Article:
Lymphoma, also called lymphosarcoma, is a type of cancer that arises (often simultaneously) in lymph nodes and in organs that contain lymphiod tissue such as the spleen, liver, and bone marrow. The disease affects middle-aged and older dogs.
Affected dogs appear lethargic, eat poorly, and loose weight. The liver and spleen are often enlarged.
Chest involvement results in pleural effusion and severe shortness of breath. Skin involvement produces itchy patches or nodules on the surface of the skin that mimic other skin diseases. intestinal involvement causes vomiting and diarrhea.
Lymphoma should be suspected when enlarged lymph nodes are found in the groin, armpit, neck, or chest.
A complete blood count may show anemia and immature white blood cells. The serum calcium level is elevated in 20% of dogs with lymphoma. blood and liver function tests are usually abnormal. A bone marrow biopsy is helpful in determining if the disease is widespread.
Chest and abdominal X-rays and ultrasonography are particularly valuable in identifying enlarged lymph nodes, organs, and masses.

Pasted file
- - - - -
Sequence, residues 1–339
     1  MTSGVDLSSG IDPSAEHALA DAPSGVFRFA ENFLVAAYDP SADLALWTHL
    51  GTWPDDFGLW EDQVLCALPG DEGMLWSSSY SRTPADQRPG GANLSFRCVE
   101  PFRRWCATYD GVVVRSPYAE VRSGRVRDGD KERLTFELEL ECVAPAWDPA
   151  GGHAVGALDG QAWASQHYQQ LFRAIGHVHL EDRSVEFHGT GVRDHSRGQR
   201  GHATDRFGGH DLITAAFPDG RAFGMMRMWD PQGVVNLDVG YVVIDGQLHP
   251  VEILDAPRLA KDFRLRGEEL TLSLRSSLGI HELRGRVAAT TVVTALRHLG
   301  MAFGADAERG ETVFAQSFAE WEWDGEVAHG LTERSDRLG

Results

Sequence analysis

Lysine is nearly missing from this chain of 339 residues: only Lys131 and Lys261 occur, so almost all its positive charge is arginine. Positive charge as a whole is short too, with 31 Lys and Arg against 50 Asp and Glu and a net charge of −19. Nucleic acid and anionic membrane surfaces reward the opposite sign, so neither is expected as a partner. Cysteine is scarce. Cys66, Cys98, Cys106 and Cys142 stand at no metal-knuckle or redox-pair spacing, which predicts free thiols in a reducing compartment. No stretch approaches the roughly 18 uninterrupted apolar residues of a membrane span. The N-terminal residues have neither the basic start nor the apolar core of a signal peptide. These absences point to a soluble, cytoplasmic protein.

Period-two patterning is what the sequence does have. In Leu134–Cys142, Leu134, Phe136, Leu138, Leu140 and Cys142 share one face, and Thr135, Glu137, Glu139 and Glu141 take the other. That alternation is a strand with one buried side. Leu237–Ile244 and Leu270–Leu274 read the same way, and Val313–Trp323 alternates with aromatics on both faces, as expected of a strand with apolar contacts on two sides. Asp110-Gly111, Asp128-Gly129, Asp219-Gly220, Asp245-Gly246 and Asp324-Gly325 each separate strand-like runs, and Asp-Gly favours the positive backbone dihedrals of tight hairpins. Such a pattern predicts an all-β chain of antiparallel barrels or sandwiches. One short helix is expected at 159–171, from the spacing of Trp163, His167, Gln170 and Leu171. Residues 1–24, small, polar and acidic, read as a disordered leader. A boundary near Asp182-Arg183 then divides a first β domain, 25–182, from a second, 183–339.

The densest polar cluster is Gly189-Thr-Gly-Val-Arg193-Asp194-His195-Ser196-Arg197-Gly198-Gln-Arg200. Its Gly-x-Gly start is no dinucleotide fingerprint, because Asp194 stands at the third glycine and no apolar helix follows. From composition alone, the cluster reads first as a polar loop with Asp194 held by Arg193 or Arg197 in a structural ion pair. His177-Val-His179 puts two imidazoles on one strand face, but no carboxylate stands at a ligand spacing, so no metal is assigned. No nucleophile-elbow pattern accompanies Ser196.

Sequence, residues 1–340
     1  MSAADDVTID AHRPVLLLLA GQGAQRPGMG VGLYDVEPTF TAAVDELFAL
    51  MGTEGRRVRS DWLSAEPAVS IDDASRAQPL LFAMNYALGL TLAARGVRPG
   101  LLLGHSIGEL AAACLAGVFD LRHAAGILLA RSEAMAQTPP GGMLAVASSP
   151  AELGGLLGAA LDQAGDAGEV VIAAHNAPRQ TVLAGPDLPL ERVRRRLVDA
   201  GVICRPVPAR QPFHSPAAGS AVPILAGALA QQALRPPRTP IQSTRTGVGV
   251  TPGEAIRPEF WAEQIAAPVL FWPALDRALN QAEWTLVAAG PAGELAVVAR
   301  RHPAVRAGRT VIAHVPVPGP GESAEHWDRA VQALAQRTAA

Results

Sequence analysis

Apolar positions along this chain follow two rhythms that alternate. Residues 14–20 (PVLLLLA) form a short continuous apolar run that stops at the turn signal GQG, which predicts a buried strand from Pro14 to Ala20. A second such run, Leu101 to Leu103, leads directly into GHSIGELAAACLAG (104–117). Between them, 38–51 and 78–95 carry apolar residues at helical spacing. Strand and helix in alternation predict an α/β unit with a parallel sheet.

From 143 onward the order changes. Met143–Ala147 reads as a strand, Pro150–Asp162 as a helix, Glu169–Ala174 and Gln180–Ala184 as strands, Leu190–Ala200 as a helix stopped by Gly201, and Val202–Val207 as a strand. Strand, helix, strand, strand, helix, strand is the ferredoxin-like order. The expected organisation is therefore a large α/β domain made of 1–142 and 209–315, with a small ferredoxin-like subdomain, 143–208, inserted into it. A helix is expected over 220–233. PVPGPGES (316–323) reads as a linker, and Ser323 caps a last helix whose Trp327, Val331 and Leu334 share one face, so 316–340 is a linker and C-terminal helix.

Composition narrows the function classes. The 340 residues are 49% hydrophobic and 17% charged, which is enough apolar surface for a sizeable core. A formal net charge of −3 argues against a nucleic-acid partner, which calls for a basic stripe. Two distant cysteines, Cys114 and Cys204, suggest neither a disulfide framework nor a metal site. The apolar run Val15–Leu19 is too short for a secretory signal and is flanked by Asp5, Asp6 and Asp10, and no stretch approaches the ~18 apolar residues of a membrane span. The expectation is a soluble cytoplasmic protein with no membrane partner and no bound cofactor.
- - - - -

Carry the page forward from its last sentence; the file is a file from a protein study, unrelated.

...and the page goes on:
A diagnosis can also be made by fine needle aspiration of an enlarged lymph node. In questionable cases, the entire lymph node should be removed for more complete evaluation.
Lymphoma localized to a single lymph node may be cured bu surgical removal of the involved node. However, in most dogs, the disease is widespread and a cure is unlikely. Chemotherapy using several agents offers the best chance of remission, which may last a year or longer. When a dog comes out of remission, chemotherapy "rescue protocols" may be used to induce a second or even a third remission.
Pet Screening, a company out of Great Brittan, offers a genetic screening test for canine lymphoma, based on genetic markers in a blood sample. They suggest periodic screenings to detect lymphomas early on.
Please contact your veterinarian if you have questions regarding this condition.
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